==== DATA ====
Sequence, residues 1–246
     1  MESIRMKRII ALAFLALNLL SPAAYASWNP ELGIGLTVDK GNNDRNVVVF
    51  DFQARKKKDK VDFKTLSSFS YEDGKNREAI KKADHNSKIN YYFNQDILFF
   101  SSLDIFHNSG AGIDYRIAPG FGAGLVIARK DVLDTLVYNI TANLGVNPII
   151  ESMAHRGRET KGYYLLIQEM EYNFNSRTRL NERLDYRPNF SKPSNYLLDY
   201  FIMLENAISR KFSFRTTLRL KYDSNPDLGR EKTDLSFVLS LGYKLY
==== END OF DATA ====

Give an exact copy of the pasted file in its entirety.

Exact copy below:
Sequence, residues 1–246
     1  MESIRMKRII ALAFLALNLL SPAAYASWNP ELGIGLTVDK GNNDRNVVVF
    51  DFQARKKKDK VDFKTLSSFS YEDGKNREAI KKADHNSKIN YYFNQDILFF
   101  SSLDIFHNSG AGIDYRIAPG FGAGLVIARK DVLDTLVYNI TANLGVNPII
   151  ESMAHRGRET KGYYLLIQEM EYNFNSRTRL NERLDYRPNF SKPSNYLLDY
   201  FIMLENAISR KFSFRTTLRL KYDSNPDLGR EKTDLSFVLS LGYKLY